seems like a long and lonely one.

Lend me your hope for a while,
I seem to have mislaid mine.
Stand by me,
offer me your presence,
your heart and your love.
Acknowledge my pain,
it is so real and ever present.
I am overwhelmed
with sad and conflicting thoughts.

Lend me your hope for a while.
A time will come when I will heal,
and I will share my renewal,
hope and love with others.

Do those words resonate in your soul? They do mine.

We live in a broken world, one full of depression and death and blinding suffering. One of the greatest issues I have known and observed that accompanies times of suffering is the question, “Where do I go from here?” In the throws of the storm it seems impossible to function at any level of normalcy, and conversations with those hurting often land somewhere around the tearful wondering:

How?

How can I keep up with the life I once knew?

How do I even pretend to function like I once did?

How do I get out of bed?

How do I go to work, or school, or even church?

How do I live surrounded by people that appear to have it all together when my life is literally falling apart at the seams?

 

And those conversations usually end with a tear-stained face and puffy eyes, emotions overwhelming the sufferer to the point of collapse. Oh, how the wars Satan wages can rock us off of our feet! Whether it was a gradual collapse or an overnight crumbling, many of us at some point in our lives find ourselves weeping and running to the bottom of the rocking ship to wake Jesus and scream “Where have you been? Can’t you see I’m drowning??”

Many of us have, at some point, had a deficit of hope in our hearts. Maybe we know in our minds that light and hope has come into the world, but in the pits of the despair we are currently sinking into we cannot see anything but darkness.

This post is not really about the healing that comes through Jesus Christ, though I need to say that healing exists and is very, very real in His hands. Instead, however, this post is for those of us that need to know how to function today. Suffering is real, and many of us right now are waking up and staring at our bedroom ceiling thinking, “How am I going to get through today?”

The poem starts with “lend me your hope for a while, for I seem to have mislaid mine”. Oh, what an accurate description of what it feels like to be in the throws of a trial! Many of us wake up one day and realize that our hope somehow left without our permission, leaving us desperate for its return. This poem is a cry to those around us, the people in our lives that have perhaps been asking what they can do to help us through this difficult time. In my sufferings, I have grown accustomed to saying:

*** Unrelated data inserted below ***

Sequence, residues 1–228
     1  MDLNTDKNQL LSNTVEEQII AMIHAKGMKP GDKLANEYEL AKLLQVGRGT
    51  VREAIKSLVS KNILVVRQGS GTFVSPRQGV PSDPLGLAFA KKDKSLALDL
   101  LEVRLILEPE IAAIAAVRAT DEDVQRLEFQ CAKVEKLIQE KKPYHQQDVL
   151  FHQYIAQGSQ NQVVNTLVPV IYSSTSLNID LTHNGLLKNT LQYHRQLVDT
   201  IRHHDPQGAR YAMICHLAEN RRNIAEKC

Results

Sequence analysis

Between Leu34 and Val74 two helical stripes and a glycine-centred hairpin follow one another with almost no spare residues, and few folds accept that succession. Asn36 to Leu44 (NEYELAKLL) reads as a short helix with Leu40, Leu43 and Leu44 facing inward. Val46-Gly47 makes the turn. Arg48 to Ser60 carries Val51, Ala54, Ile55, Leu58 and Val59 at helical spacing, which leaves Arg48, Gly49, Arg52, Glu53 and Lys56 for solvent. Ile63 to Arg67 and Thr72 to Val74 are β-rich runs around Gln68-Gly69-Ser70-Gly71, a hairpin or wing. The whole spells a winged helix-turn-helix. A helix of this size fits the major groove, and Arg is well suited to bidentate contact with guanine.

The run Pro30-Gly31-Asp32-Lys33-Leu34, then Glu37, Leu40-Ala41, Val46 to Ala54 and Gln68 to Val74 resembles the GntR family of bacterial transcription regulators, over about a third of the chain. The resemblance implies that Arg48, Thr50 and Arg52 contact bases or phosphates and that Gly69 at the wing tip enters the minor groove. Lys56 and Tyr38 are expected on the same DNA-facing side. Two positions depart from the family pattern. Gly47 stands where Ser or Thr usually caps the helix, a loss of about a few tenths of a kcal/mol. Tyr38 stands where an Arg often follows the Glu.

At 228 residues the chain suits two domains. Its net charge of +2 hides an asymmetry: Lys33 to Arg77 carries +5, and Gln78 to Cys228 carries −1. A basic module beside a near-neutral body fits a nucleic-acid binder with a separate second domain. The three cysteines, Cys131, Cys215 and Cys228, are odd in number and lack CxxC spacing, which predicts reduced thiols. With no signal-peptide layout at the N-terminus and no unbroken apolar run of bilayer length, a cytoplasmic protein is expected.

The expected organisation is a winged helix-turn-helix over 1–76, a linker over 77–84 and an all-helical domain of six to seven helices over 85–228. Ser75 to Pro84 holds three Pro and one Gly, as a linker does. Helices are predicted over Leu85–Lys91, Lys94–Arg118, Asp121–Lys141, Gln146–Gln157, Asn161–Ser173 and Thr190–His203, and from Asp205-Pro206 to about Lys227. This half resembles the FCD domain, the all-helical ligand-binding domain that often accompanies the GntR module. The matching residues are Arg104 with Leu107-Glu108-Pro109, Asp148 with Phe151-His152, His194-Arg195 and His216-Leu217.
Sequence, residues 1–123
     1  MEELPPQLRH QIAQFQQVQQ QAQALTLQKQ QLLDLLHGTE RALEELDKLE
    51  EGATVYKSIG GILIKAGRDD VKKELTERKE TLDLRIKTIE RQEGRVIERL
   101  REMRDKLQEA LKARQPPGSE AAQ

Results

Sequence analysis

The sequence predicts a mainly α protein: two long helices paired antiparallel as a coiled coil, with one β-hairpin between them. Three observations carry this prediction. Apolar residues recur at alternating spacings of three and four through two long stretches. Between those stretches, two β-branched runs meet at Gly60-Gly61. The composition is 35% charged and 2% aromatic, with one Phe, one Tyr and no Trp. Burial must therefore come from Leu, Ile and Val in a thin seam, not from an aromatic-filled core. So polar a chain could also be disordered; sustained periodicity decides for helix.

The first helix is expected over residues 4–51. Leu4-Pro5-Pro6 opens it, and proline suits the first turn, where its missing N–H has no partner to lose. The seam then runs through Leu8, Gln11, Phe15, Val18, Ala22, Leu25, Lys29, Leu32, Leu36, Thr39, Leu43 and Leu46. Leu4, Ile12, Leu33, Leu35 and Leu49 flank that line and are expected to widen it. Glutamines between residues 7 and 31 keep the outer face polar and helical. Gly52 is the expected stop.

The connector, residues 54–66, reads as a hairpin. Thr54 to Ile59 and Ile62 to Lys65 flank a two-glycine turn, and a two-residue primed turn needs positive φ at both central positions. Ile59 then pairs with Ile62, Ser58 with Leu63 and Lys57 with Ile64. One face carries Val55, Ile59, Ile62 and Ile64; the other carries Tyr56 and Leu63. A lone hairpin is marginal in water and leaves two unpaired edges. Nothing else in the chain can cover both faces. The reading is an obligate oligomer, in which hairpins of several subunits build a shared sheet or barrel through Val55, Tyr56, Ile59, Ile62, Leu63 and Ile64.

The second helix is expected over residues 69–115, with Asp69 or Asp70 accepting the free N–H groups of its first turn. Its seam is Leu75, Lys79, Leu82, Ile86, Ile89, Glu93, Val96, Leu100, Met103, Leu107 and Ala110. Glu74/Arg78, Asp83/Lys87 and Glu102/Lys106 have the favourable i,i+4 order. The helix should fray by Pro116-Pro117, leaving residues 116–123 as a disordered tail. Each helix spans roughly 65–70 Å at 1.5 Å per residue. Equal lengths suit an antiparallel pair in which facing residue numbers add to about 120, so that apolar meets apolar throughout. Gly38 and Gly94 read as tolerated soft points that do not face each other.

“Just lend me your hope.”

I don’t know about you, but there are mornings where I rely on the hope of those around me to get me moving. The concept of borrowing hope is, quite honestly, a hopeful one.

But that wasn’t even the line that stopped me in my tracks when I first this poem.

This past month, as I rode out a painful trial, my parents longed to know how to best help me, and my answer surprised me. I’m not an incredibly touchy person, but I realized that what I needed most in the days to come is somebody to hug me and hold my hand and be with me through what was undeniably going to be a torturous season of life.

Hold my hand and hug me;
listen to all my ramblings,
recovery seems so far distant.
The road to healing
seems like a long and lonely one.

Hold my hand and hug me. Listen to all of my ramblings. Lend me your hope in the form of your presence, for the road out of suffering can be long and lonely and I need to know that I am not alone.

If you are reading this as someone striving to help a loved one through a trial, remember that what sufferers need most is companionship. They need to know that they are not alone. They don’t need you to solve their problems, they simply need you to hold their hand and let them cry for as many days as it takes. They need you to listen to their ramblings and love them through it all. Tell them that you love them and tell them that you are going to be by their side until the storm has passed.

And if you, dear friend, are the one in the midst of the storm, please please please remember that Jesus is not absent. In fact, he allows storms to happen so that we are able to see Him calm the waves that rock us. If you are suffering, remember that you are in the exact right place for your faith to be transformed. 1 Peter reminds us that “Pure gold put in the fire comes out of it proved pure; genuine faith put through this suffering comes out proved genuine.”

Genuine faith. That’s your prize after all of this is said and done. Don’t lose heart!

If you are blinded by darkness, know without a shadow of a doubt that the True Light has come into the world and, if you have allowed Him, into even your heart.

For one day, perhaps not too far down the road, you will be able to lend your hope to someone else. “Lend me your hope for a while. A time will come when I will heal,
and I will share my renewal, hope and love with others.” What a day that will be!

But today, friend, give yourself grace. Pray. Cry. Sleep. Find beauty. Go for a walk. Cry again. Read and paint and run. Do what fills your heart and balms your soul. And remember: Jesus is the Great Physician and He begins healing you the moment you ask Him to.